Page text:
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News & Media

Latest ITER Newsline

  • FEC2020 | Seeking sponsors for 28th IAEA Fusion Energy Conference

    For only the third time since 1961, the International Atomic Energy Agency's Fusion Energy Conference will be taking place in France—hosted jointly by the Frenc [...]

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  • Nuclear safety | Under constant scrutiny

    Because one of the elements involved in the fusion reaction is the radioactive isotope tritium, and because the hydrogen fusion reaction itself generates a high [...]

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  • Power conversion | Alien structures and strange contraptions

    There are places in ITER that seem to belong to another world, places full of alien structures and strange contraptions. The feeling—a mixture of awe and puzzle [...]

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  • Tokamak Complex | A changing landscape

    For the past three years, the view from the top of the highest worksite crane has not changed much. Inside of the Tokamak Complex, 80 metres below, concrete gal [...]

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  • Ion cyclotron heating | How to pump 20 MW of power into 1 gram of plasma

    To power the ion cyclotron system, the ITER Organization and its partners are designing not only new antennas, which will be housed in the tokamak vessel, but a [...]

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Of Interest

See archived entries

Witty piece from CCFE on April Fool's Day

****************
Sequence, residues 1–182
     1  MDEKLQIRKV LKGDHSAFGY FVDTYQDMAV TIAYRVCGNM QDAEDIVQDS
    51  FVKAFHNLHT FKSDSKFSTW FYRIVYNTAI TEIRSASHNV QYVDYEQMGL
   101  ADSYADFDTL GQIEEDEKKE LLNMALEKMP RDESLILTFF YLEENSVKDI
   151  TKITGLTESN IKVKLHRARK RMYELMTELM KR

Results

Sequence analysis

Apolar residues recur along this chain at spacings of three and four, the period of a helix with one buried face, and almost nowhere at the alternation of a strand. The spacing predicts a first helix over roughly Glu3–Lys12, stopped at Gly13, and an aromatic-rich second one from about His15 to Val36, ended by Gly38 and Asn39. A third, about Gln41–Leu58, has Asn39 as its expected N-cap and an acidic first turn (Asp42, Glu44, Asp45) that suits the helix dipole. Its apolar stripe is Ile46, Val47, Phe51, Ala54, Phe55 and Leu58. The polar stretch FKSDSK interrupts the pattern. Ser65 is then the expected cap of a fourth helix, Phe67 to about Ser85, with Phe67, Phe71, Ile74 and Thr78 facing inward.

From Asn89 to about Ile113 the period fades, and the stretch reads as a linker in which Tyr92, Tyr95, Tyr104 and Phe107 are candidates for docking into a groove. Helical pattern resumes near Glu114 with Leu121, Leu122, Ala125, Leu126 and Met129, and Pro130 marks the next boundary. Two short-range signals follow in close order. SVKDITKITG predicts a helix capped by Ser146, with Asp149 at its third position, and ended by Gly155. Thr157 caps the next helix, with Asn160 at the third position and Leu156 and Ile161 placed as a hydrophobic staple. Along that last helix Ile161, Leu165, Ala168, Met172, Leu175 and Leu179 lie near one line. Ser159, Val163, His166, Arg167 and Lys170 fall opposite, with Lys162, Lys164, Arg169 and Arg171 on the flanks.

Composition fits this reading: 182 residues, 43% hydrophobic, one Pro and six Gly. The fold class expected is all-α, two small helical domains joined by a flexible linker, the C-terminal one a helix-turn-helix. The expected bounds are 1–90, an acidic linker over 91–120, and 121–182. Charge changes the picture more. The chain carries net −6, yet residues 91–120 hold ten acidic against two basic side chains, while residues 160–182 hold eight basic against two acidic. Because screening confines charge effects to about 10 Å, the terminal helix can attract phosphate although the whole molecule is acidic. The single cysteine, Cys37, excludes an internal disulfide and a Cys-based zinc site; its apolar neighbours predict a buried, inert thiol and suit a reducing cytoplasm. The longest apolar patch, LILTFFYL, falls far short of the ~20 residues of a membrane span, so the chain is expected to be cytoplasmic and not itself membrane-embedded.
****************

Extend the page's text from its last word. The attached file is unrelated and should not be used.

JET's famous white buildings will soon be getting a new look as part of the European fusion experiment's preparations for its international successor, ITER.

An ITER-like facade to go along with the ITER-like wall—it is hoped the revamp will be complete by April Fool's Day 2018. (Click to view larger version...)
An ITER-like facade to go along with the ITER-like wall—it is hoped the revamp will be complete by April Fool's Day 2018.
Bosses at the JET facility have decided to replace the white cladding on the exterior of the buildings with mirrored stainless steel to match the material being used at the ITER complex at Cadarache in southern France.

The JET machine itself, as the world's largest magnetic fusion experiment, is being used as a test device to help pave the way for ITER — the first fusion project designed to produce industrial-scale quantities of fusion power. Between 2009 and 2011 the interior of JET was replaced with a new 'ITER-like wall' of beryllium and tungsten to get as close to ITER scientific conditions as possible.

It is now hoped that replicating the exterior of the ITER buildings at JET will encourage scientists and engineers at Culham to intensify their work to support ITER.

The full article was published on the website of the Culham Centre for Fusion Energy (CCFE) on 1 April 2017.

 


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